Act II Scene 4

[Stage lights come up only partially]

Its hard to make out much more than silhouettes but there is one light source on stage. It the glow of a solitary computer screen.

[Sound of recorded voices and keystrokes]

We can make out a figure seated in front of the screen. Now it becomes apparent that we have a “Gamer” and as the lights come up full we can see our hero and it looks like he’s been there awhile. Pizza boxes; Chinese Take-Out and an empty case of Corona. And a case of bleary eyes and a several day growth of beard.

Well…not really….. but I HAVE become a Gamer. An avid one.

Its part of the rehab and training with my six week old Cochlear Implant.

I am now addicted to games with compelling titles like ShakesEARe ; TreasEAR Island and EARplane. Not to mention Word Racer and Word Target.

These are listening and memory exercises to help learn how to differentiate different sounds. Words and environmental sounds.

Why games? The neuroscientists have determined that our brains learn new skills more quickly and build new neuro-pathways much faster if the brain is also engaged in gaming of some sort. Rather than just listening to words and sounds these exercises make the correct determination a game with rewards.

To be honest, most of them are pretty inane as games go…but they work.

And it isn’t just training ….it IS rehab. I’ve learned more amazing stuff about our brains…when hearing is lost later in life (like mine ) a portion of the brain that used to process that information has nothing to do. There is less or no information coming in.

Our brains are awfully good managers. With nothing for it to do, the brain does one of two things. It closes up that part like winterizing a summer cottage. No point in keeping the heat and lights on. Nobody’s home.

The other option is to sublet that summer cottage. Let somebody else (another brain function) make good use of the space.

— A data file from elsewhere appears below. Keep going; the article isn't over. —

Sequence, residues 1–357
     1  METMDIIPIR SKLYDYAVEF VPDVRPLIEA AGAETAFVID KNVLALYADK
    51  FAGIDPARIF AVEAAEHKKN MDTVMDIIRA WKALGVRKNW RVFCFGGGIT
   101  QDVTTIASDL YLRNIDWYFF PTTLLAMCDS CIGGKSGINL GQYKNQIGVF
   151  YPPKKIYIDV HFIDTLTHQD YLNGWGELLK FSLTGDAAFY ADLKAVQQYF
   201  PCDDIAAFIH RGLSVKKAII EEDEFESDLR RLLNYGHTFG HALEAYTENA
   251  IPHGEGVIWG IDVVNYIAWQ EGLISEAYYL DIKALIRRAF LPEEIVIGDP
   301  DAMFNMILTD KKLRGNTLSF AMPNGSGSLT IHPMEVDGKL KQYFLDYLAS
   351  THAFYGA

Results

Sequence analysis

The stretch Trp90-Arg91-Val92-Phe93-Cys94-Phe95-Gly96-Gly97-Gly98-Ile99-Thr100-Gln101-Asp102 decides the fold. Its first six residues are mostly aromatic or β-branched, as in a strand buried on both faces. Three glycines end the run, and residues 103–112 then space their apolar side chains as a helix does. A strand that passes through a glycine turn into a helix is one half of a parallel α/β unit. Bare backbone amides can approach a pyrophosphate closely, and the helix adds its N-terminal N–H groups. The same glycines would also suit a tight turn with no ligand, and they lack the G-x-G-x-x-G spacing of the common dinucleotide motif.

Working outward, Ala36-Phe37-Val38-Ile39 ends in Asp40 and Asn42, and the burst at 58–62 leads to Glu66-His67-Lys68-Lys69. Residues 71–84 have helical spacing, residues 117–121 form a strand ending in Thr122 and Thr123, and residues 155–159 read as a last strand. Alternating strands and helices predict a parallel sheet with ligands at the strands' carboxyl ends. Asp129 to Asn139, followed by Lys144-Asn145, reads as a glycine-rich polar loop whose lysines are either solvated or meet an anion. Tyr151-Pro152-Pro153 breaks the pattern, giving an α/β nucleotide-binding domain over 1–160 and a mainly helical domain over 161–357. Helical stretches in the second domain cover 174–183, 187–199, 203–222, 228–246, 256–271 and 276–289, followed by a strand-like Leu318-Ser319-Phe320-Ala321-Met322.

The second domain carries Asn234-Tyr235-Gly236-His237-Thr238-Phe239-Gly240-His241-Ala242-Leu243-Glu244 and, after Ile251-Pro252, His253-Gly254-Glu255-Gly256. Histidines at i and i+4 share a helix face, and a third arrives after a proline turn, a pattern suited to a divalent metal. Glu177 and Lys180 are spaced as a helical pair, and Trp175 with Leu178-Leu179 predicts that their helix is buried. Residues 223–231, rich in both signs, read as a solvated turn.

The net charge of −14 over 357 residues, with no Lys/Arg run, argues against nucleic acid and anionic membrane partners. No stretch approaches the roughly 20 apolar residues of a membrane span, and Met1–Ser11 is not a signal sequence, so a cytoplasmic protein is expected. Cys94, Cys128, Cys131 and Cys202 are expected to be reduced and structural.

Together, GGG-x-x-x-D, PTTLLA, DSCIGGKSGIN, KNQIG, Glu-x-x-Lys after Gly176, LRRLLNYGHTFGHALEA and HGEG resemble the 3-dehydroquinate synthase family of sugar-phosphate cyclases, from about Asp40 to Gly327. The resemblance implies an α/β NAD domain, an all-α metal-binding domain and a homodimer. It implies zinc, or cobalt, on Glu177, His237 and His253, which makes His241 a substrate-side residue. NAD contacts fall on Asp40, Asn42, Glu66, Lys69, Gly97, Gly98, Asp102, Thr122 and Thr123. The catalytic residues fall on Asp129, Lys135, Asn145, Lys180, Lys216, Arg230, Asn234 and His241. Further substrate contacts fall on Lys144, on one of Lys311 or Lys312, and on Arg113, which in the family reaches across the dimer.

So that makes learning to hear again real rehab. First of all the brain has to figure out all this new data is “sound” and then what and how much of the brain needs to deal with it. It can be a bit of a conflict—especially if the brain went for the “let some other function rent it out” option.

The training and exercises I do are to compel the brain to build new neuro-pathways; to reclaim that unused summer cottage and put it back to work.

So now I am a Gamer– and most certainly will be one for a year or so. I am still very much on the upslope in terms of what I will manage to hear with my implant.

Our hero turns his attention back to the glow of the computer screen.

[Stage lights slowly dim to black]

1 Comment

  1. Ken Miracle December 17, 2019 at 6:08 pm

    Wow … Game on and on !!! Your re-learning is far more complex and dramatic than what I have gone through with new hearing aids that let me hear higher frequencies than my brain has processed since 1965. I am still having to learn that the sound a particular bird makes is indeed a bird sound and in fact that particular bird. I play back the bird call from my birding app through my hearing aids and slowly learn what a Bewick’s Wren etc. etc. sounds like.